The league’s other two teams, Carolina and Edmonton, would be logical candidates for a USL move. Sources speculated that Carolina’s loyalty to the NASL stems from having been sold its team last year, in the wake of Traffic Sports’ ownership of the RailHawks. With owner Steve Malik now positioning the to-be-rebranded team for a move to MLS, a cost-saving move to USL makes sense.
Edmonton appears to be in a type of organizational limbo, apparently waiting until Canada’s first division is up and running.
What of expansion? And sanctioning?
San Francisco is still confirmed, with sources saying that Wilt is pushing to get Chicago and San Diego confirmed within the coming weeks. That urgency highlights the game that, if the league survives, will define the NASL in the coming seasons. For every team the league loses, at least one needs to be added.
That makes Peter Wilt the most important person in the NASL, for now. Also trying to get groups in Atlanta and Detroit to sign on, Wilt and Club 9 are waging what amounts to a public relations battle. Will these markets be viable? Do they have strong ownership, or grassroots support? Right now, that’s secondary to the numbers. The NASL needs to be able to say it has commitments now. If that means pushing a few likely-to-fail projects over the line, so be it. The NASL needs to be perceived as a viable league as soon as possible.
If the NASL doesn’t have 12 teams for the 2017 season, it will need a waiver from U.S. Soccer to maintain second-division status. If it doesn’t have teams in the Eastern, Central and Pacific time zones, it will also need a waiver. If all of its teams aren’t playing in minimum 5,000-seat facilities, it will need a waiver, and if each team doesn’t have at least a one-year lease in place 120 days before the start of the season, the league will need a waiver.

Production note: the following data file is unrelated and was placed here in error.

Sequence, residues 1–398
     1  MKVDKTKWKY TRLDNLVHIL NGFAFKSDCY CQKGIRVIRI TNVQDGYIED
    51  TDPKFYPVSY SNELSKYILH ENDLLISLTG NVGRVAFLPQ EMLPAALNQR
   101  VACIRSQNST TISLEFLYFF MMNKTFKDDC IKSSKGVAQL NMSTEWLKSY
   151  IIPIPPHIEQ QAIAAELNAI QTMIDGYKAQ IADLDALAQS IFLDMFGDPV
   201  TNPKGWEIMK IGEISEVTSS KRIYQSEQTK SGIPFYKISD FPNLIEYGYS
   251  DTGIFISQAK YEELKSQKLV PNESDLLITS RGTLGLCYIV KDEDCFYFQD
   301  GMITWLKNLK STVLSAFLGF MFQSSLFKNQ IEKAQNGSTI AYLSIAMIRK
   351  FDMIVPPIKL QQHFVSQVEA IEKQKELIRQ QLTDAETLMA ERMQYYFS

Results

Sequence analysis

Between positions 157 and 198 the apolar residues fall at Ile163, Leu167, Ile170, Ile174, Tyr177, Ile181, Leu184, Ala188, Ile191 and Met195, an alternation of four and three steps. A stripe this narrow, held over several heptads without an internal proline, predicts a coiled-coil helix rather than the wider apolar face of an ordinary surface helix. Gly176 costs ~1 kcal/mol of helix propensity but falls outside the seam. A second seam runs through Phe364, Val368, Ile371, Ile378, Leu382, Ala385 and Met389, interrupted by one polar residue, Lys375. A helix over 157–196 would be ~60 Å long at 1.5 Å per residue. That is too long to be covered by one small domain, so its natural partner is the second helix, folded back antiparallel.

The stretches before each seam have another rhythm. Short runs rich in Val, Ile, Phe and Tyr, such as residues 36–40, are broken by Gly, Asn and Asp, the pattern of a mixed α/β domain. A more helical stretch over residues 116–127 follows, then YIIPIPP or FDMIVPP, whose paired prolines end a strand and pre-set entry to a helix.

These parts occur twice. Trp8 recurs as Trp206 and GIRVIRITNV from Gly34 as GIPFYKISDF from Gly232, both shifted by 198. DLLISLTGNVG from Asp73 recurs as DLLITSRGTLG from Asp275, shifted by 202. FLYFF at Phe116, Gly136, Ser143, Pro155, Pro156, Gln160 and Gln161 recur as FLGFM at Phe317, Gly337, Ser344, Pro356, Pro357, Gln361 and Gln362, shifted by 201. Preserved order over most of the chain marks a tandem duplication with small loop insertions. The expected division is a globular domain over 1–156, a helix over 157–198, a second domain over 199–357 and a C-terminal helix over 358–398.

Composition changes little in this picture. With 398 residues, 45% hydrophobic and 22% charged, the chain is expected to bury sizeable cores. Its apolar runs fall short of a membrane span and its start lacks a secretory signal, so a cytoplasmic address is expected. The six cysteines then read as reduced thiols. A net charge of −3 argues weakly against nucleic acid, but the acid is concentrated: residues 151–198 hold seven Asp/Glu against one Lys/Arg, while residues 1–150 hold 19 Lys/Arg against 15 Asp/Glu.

There are also a series of clauses in U.S. Soccer’s standards that require teams to show financial viability, which includes the ability to post a bond before the season, have at least one owner with a net worth of at least $20 million, and show a capacity to operate the team for at least three years into the future.
The league is in danger of falling short of U.S. Soccer’s second-division standards. Coming out of Atlanta, some in the league are resigned to a third-division fate, a sad state of affairs given how the league restarted six years ago. Giving up second-division status and being relegated below the USL would arguably be more embarrassing than (again) spending your way out of existence.
And if the NASL does go away?
The USL already wants to be U.S. Soccer’s second division. With 31 teams and stretching across the country, it meets the requirements we can assess from a distance. To the extent teams can’t meet D-II’s financial requirements, USL has the margin to leave some teams behind, or wait for them to acquire additional investment.
In terms of the broader, NASL-against-the-U.S.-soccer-world narrative, USL’s promotion would be a triumph for a league that was dispatched to the third tier five years ago. It will also rid the landscape of the pest that USL’s partner, MLS, has had buzzing around it since the Cosmos and Peterson came on board. And, if a fledgling NASL has to go on hiatus for any period of time, the USL teams that can’t (or won’t want to) move up the second division can form a third division, again dividing the league into USL 1 and USL 2.
Without the NASL as a mutual annoyance, though, smaller issues between USL and MLS may gain more traction. USL commissioner Jake Edwards seems eager to reestablish his league’s independence – to portray the league as more than a reserve league for Major League Soccer. Teams within the USL are already talking about advantages their MLS reserve teams have, like carrying lighter operations and marketing loads.
With the NASL in the picture, those are problems the USL may not even want to solve. Every appearance of strength, even MLS-enabled, is a plus. Without the NASL around, there may be an even greater desire for the USL to forge its own world.
If that’s a consequence of what might happen to the NASL, consider it a small one, especially in light of what fans in Indianapolis, Fort Lauderdale, and other league markets could soon go through. Those fans wouldn’t see their teams move to the USL; in the case of Indy, many fans wouldn’t even want to. Instead, those fans are about to lose professional soccer, and while in a place like Indianapolis, that’s unlikely to be for long, it’s still a reminder: There are more than business interests involved in this chaos.
The game O’Brien, Peterson, the Cosmos and the NASL played was high stakes-high reward, but for soccer fans who’ve adopted these teams, it comes at a high cost. Instead of continuing down the path Downs was paving -- one that would have provided stability -- the NASL took a different course. In search of glory, that choice was understandable, but with the endgame in view, fans in a number of markets are about to bear the cost of their league’s bill of goods.
Richard Farley is the West Coast Editor of FourFourTwo USA. Follow him on Twitter @richardfarley.